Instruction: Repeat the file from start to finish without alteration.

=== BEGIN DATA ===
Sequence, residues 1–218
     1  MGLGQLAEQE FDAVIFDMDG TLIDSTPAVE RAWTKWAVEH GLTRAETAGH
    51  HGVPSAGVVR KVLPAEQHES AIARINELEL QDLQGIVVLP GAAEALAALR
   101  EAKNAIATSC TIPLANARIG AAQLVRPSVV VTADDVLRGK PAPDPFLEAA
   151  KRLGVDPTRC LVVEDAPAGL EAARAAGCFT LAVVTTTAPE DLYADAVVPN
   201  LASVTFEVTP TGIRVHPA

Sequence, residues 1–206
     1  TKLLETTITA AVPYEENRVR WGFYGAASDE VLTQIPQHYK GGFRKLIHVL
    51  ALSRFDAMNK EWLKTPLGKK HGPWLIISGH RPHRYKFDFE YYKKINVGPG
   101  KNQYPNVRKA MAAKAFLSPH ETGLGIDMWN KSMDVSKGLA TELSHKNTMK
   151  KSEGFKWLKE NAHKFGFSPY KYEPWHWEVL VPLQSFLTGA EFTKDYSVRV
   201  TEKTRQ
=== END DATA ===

Sequence, residues 1–218
     1  MGLGQLAEQE FDAVIFDMDG TLIDSTPAVE RAWTKWAVEH GLTRAETAGH
    51  HGVPSAGVVR KVLPAEQHES AIARINELEL QDLQGIVVLP GAAEALAALR
   101  EAKNAIATSC TIPLANARIG AAQLVRPSVV VTADDVLRGK PAPDPFLEAA
   151  KRLGVDPTRC LVVEDAPAGL EAARAAGCFT LAVVTTTAPE DLYADAVVPN
   201  LASVTFEVTP TGIRVHPA

Sequence, residues 1–206
     1  TKLLETTITA AVPYEENRVR WGFYGAASDE VLTQIPQHYK GGFRKLIHVL
    51  ALSRFDAMNK EWLKTPLGKK HGPWLIISGH RPHRYKFDFE YYKKINVGPG
   101  KNQYPNVRKA MAAKAFLSPH ETGLGIDMWN KSMDVSKGLA TELSHKNTMK
   151  KSEGFKWLKE NAHKFGFSPY KYEPWHWEVL VPLQSFLTGA EFTKDYSVRV
   201  TEKTRQ